I love when the right book drops into my life at just the right time. I have one of those families that garners frequent chuckles of “Wow, you’ve got your hands full” from fellow grocery shoppers, restaurant patrons, the letter carrier, and whoever else lays eyes on our horde of four kids under seven. I love the busy symphony (cacophony?) of lots of children close in age, but it can be overwhelming. And tiring. And easy to get mired in minutiae, or sink into the quicksand of the many big feelings that little people have. KJ Dell’Antonia’s How to Be a Happier Parent: Raising a Family, Having a Life, and Loving (Almost) Every Minute held a lot of promise for me, given the season of parenting I’m in right now, and it delivered.
As I took in each chapter — while nursing an infant, snuggling a sleeping, sick toddler, and in the blissful dark hours of morning and evening with the hiss of white noise on the baby monitor next to me — Dell’Antonia’s voice reminded me of some of my treasured friends. I’m talking about the friends with kids a bit older than mine, walking the parenting road a bit ahead of me, who pass along hand-me-downs and answer my questions about summer camp field trips and how much money the tooth fairy should bring. How to Be a Happier Parent strikes a balance of empathy, research, and crowd-sourced tips from the trenches. Dell’Antonia’s mudroom could be mine, with the siblings who fight passionately about who is the rightful owner of a baseball cap, or the hurried child who drops a binder with the dreaded “easy-open rings” — in my case, launching a cascade of slippery pages of sports cards as the bus pulls up outside. The difference in our experience is, of course, that she read the stack of parenting books I’ve wanted to read but haven’t, dug through the canon of research, and surveyed over a thousand parents for their takes on common parenting pitfalls. She compiled the pearls for the rest of us who are still searching for a Sharpie to mark the name of that hat’s owner once and for all.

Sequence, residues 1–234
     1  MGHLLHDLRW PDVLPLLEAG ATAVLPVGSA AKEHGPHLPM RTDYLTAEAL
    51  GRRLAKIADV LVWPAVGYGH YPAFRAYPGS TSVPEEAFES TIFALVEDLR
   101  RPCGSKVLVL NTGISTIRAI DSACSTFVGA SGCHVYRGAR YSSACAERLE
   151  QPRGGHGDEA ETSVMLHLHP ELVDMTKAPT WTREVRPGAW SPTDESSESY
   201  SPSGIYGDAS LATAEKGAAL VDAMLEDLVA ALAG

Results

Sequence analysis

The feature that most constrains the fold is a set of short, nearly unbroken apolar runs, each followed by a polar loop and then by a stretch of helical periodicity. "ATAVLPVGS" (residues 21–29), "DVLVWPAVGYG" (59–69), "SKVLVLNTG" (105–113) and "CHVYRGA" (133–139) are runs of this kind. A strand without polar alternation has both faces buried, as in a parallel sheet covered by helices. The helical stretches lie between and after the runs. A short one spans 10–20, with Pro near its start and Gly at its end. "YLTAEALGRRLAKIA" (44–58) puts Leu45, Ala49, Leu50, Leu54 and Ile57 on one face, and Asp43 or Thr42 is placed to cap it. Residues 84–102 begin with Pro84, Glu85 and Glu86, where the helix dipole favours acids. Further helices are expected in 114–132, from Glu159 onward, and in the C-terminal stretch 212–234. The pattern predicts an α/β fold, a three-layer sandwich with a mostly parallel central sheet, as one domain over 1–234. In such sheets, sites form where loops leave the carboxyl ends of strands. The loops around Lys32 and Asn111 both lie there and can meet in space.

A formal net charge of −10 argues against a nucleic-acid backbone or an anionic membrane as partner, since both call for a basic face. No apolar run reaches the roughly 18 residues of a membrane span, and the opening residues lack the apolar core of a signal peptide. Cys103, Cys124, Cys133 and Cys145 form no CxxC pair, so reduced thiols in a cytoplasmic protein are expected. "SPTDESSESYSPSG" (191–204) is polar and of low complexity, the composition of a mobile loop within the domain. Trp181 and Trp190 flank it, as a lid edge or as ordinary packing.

How to Be a Happier Parent opens with “Ten Mantras for Happier Parents.” Mantras are so useful for referring us back to the bigger picture, and several of Dell’Antonia’s have made their way into my mental rotation. You don’t have to go in there helps enormously to deflect my oldest child’s frequent complaining. Just because he’s unhappy with the feeling of his sweatshirt sleeves or the color of the cheese we have for lunch, I don’t have to go down with him. If you see something, don’t always say something reminds me to make the conscious choice to let my kids work through some of their conflicts and struggles independently. What you want now isn’t always what you want later has so many applications for a habitual quick-fixer like me; with new resolve, I encourage myself to try to take the long, I’m-teaching-them-to-be-the-humans-I-hope-they’ll-grow-up-to-be view as often as possible.
As it circles back to the mantras like reassuring refrains, the book is organized around parents’ pain points — chores, homework, sports and activities, and food — topics that encompass small but life-altering details that can change the course of a family’s experiences for better or worse. One such detail for me was our laundry situation. Specifically, the industrial hamper-size piles of clean clothes perpetually waiting to be sorted and folded, and the angry complaints from my kids that the favorite items they wore a day ago aren’t yet available to be worn again.
I bundled several of the book’s suggestions about chores to tackle this laundry issue. I chose to start when life changes, launching a new routine in connection with the start of the school year. I began to expect help, asking each family member to put their dirty clothes in their own labeled laundry basket and bring it to the laundry room when full to be washed as its own load. Finally, I fully embraced Let them whine, responding to gripes about preferred outfits not being clean with, “Sorry, I haven’t seen your full basket in the laundry room yet this week.” When I ran into my 4- and 6-year-olds in the hall the other day, each clutching one handle of an overflowing laundry basket that wobbled between them on their way to the washer, well — that felt like parental happiness, right there.
Even more than laundry help, though, I appreciate Dell’Antonia’s remarks on her personal transformation as a result of writing this book: “I revel in the ordinary. I remember that this is the life and the family we chose and that here we are, having what we wanted.” If we, as parents, can choose this outlook, surely we’ll be more consistently happy.
See you out there, fellow lunch makers and laundry folders. (I’ll be the one with my hands full.)
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